.entry-content { background-color: #c0c; }

Combination of element and class:
span.warning { font-weight: bold; }

ID selector:
#blog_title { font-size: 17px; }

Element within a class:

 .entry-content ol {
     background-color: #cc0;
     padding-left: 5em;
     }

Group combination & comment:
ol, ul { margin: 16px 0; padding: 0 0 0 40px; }  /* top, right, bottom, left */

Inline syle:
<div style=”font-weight:bold; color:red”>content.php</div>

 

BTW (off topic):

en.wikipedia.org/wiki/Indent_style#Ratliff_style

en.wikipedia.org/wiki/Em_(typography)

4.1.1 Post Formats

post formats

wp-content/themes/twentyten/functions.php
add_theme_support( ‘post-formats’, array( ‘aside’, ‘gallery’ ) );

wp-content/themes/twentyeleven/functions.php
add_theme_support( ‘post-formats’, array( ‘aside’, ‘link’, ‘gallery’, ‘status’, ‘quote’, ‘image’ ) );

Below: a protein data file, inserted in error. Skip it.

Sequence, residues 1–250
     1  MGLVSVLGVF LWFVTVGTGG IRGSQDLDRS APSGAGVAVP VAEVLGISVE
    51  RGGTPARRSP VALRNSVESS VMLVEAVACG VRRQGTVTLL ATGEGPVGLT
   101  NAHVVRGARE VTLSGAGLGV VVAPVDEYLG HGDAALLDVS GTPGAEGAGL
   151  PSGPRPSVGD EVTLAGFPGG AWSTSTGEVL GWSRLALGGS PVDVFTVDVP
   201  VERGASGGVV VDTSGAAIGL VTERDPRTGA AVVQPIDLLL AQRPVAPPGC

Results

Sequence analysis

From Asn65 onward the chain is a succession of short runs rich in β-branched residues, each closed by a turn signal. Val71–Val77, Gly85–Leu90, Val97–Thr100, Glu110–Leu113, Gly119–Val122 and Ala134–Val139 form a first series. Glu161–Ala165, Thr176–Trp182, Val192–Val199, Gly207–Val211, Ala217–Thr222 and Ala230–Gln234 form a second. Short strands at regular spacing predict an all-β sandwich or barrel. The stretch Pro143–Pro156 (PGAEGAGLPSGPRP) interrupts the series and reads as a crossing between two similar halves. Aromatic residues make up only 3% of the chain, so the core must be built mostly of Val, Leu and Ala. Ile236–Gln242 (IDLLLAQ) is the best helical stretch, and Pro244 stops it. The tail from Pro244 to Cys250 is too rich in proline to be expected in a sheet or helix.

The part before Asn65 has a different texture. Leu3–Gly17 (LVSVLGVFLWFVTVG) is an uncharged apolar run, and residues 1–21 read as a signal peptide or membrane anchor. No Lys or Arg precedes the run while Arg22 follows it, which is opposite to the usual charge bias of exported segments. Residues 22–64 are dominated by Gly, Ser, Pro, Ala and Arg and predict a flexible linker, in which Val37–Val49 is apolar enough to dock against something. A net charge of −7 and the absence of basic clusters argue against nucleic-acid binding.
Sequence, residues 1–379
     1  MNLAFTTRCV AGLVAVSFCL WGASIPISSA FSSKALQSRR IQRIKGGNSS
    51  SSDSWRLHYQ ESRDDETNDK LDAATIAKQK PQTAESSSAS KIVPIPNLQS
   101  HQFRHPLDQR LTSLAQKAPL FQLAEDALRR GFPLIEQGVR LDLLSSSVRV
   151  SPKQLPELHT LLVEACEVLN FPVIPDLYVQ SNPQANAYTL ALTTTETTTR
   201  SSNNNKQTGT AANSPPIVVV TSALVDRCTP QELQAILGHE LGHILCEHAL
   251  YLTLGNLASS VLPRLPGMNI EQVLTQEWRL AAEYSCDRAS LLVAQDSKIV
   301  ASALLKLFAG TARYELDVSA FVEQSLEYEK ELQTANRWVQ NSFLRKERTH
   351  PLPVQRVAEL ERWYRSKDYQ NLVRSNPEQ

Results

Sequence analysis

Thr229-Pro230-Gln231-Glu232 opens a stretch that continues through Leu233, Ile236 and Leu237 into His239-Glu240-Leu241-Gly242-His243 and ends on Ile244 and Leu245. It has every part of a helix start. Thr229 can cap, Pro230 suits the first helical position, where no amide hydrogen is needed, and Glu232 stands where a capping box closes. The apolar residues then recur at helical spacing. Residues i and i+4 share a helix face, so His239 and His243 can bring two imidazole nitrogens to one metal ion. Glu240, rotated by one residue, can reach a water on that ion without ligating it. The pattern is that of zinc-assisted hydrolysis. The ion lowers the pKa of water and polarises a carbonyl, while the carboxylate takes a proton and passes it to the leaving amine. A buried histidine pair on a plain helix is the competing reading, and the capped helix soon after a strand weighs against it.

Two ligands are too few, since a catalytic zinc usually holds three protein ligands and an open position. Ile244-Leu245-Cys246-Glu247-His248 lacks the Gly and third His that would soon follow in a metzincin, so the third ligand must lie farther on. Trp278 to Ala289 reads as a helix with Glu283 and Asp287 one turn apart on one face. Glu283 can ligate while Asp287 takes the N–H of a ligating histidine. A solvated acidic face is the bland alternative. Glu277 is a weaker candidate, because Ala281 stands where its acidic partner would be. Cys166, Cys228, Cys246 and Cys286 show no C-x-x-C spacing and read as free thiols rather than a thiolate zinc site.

wp-content/themes/twentytwelve/functions.php
add_theme_support( ‘post-formats’, array( ‘aside’, ‘image’, ‘link’, ‘quote’, ‘status’ ) );

wp-content/themes/twentythirteen/functions.php
add_theme_support( ‘post-formats’, array( ‘aside’, ‘audio’, ‘chat’, ‘gallery’, ‘image’, ‘link’, ‘quote’, ‘status’, ‘video’ ) );

wp-content/themes/twentyfourteen/functions.php
add_theme_support( ‘post-formats’, array( ‘aside’, ‘image’, ‘video’, ‘audio’, ‘quote’, ‘link’, ‘gallery’, ) );

wp-content/themes/twentyfifteen/functions.php
add_theme_support( ‘post-formats’, array( ‘aside’, ‘image’, ‘video’, ‘quote’, ‘link’, ‘gallery’, ‘status’, ‘audio’, ‘chat’ ) );

wp-content/themes/twentysixteen/functions.php
add_theme_support( ‘post-formats’, array( ‘aside’, ‘image’, ‘video’, ‘quote’, ‘link’, ‘gallery’, ‘status’, ‘audio’, ‘chat’, ) );

wp-content/themes/twentyseventeen/functions.php
add_theme_support( ‘post-formats’, array( ‘aside’, ‘image’, ‘video’, ‘quote’, ‘link’, ‘gallery’, ‘audio’,) );

virgin.zapmap.com

11) Theme Support for Formats

theme support

theme files twentytwelve

Theme Twentyfifteen only has the template for displaying link post formats. It is used for both single and index/archive/search. The styling in its CSS pertains to all of the formats:

2015 css